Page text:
The Sequencing Batch Reactor (SBR) is an activated sludge process designed to operate under non-steady state conditions. An SBR operates in a true batch mode with aeration and sludge settlement both occurring in the same tank. The major differences between SBR and conventional continuous-flow, activated sludge system is that the SBR tank carries out the functions of equalization aeration and sedimentation in a time sequence rather than in the conventional space sequence of continuous-flow systems. In addition, the SBR system can be designed with the ability to treat a wide range of influent volumes whereas the continuous system is based upon a fixed influent flowrate. Thus, there is a degree of flexibility associated with working in a time rather than in a space sequence [1]. SBRs produce sludges with good settling properties providing the influent wastewater is admitted into the aeration in a controlled manner. Controls range from a simplified float and timer based system with a PLC to a PC based SCADA system with color graphics using either flow proportional aeration or dissolved oxygen controlled aeration to reduce aeration to reduce energy consumption and enhance the selective pressures for BOD, nutrient removal, and control of filaments [1]. An appropriately designed SBR process is a unique combination of equipment and software. Working with automated control reduces the number of operator skill and attention requirement. The majority of the aeration equipment of sequencing batch reactors consist of jet, fine bubble, and coarse bubble aeration systems. The main focus of this report is a jet aerated sequencing batch reactor activated sludge system. Sequencing Batch Reactor Process Cycles The operating principles of a batch activated sludge process, or SBR, are characterized in six discrete periods:
1. Anoxic Fill
2. Aerated Fill
3. React
4. Settle
5. Decant
6. Idle.
Anoxic Fill The influent wastewater is distributed throughout the settled sludge through the influent distribution manifold to provide good contact between the microorganisms and the substrate [1]. The influent can be either pumped in allowed to flow in by gravity. Most of this period occurs without aeration to create an environment that favors the procreation of microorganisms with good settling characteristics. Aeration begins at the beginning of this period. Aerated Fill Mixed liquor is drawn through the manifold, mixed with the influent flow in the motive liquid pump, and discharged, as motive liquid, to the jet aerator [1]. This initiates the feast period. Feast is when the microorganisms have been in contact with the substrate and a large amount of oxygen is provided to facilitate the substrate consumption. Nitrification and denitrification occurs at the beginning of this stage. This period ends when the tank is either full or when a maximum time for filling is reached. React During this period aeration continues until complete biodegradation of BOD and nitrogen is achieved. After the substrate is consumed famine stage starts. During this stage some microorganisms will die because of the lack of food and will help reduce the volume of the settling sludge. The length of the aeration period determines the degree of BOD consumption [1], [2]. Settle Aeration is discontinued at this stage and solids separation takes place leaving clear, treated effluent above the sludge blanket. During this clarifying period no liquids should enter or leave the tank to avoid turbulence in the supernatant. Decant This period is characterized by the withdrawal of treated effluent from approximately two feet below the surface of the mixed liquor by the floating solids excluding decanter [1]. This removal must be done without disturbing the settled sludge. Idle The time in this stage can be used to waste sludge or perform backwashing of the jet aerator. The wasted sludge is pumped to an anaerobic digester to reduce the volume of the sludge to be discarded. The frequency of sludge wasting ranges between once each cycle to once every two to three months depending upon system design. Aeration Equipment A. Jet Aeration Header Jet aeration offers significant advantages in the SBR process due to its flexibility, good contact between substrate and microorganisms, and efficient oxygen transfer. One of its main features is that it can mix without aerating.Therefore it can provide for aerated and anoxic mix periods. The header in conjunction with a computer controlling for flow proportional aeration makes more oxygen available at higher flows than at lower flows by measuring the rate of change in the flow level in reactor. B. Decanter Decanting is best achieved through solids excluding decanters. The floating decanter is one of the most efficient and contains a spring loaded plug valve operated by hydraulic differential [1]. This decanter is sustained about sixteen inches below the scum by a float therefore avoiding the decanting of floating matter. Features of Ionberg SBR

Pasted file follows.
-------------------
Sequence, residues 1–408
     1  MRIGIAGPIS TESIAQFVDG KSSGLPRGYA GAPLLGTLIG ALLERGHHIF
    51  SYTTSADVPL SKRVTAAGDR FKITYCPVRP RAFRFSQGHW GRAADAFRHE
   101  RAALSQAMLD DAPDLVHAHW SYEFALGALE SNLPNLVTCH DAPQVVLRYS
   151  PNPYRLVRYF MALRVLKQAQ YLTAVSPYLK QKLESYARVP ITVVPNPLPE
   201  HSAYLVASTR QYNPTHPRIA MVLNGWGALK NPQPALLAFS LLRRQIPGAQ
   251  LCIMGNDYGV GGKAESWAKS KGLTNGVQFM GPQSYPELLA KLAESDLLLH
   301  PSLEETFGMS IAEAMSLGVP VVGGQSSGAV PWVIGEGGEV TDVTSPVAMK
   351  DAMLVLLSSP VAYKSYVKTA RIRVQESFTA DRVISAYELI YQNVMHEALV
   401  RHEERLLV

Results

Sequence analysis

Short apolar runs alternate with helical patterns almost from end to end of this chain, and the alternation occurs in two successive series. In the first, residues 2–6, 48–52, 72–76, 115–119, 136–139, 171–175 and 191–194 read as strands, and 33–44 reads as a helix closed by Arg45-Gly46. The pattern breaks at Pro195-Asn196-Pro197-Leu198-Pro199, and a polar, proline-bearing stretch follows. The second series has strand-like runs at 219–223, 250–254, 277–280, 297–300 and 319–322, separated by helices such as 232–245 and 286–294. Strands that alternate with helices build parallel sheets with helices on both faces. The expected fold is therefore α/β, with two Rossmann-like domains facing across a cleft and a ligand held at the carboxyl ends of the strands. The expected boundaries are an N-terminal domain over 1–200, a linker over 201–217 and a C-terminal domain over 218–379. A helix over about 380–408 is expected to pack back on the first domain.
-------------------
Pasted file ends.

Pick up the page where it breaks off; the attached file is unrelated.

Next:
Constant water level
Continuous flow
Simple operation
Superior performance even in low-strength, low-temperature wastewaters common
Adept at processing high-peak hydraulic flows due to storm events
Quiescent settling prior to clarification phase
Optimized, enhanced biological nutrient removal
Advantages of Ionberg SBR
No need for separate structures
Unique flow through system
Basin configuration optimized
Existing aeration equipment can be used
Fully automated control system
Better sludge flocculation; no sludge collection mechanisms
Low TSS discharge; effective nitrification, denitrification and phosphorus removal
Application Of Ionberg SBR Any municipal or industrial wastewater system with effluent requirements ranging from carbonaceous oxidation to enhanced biological nutrient removal.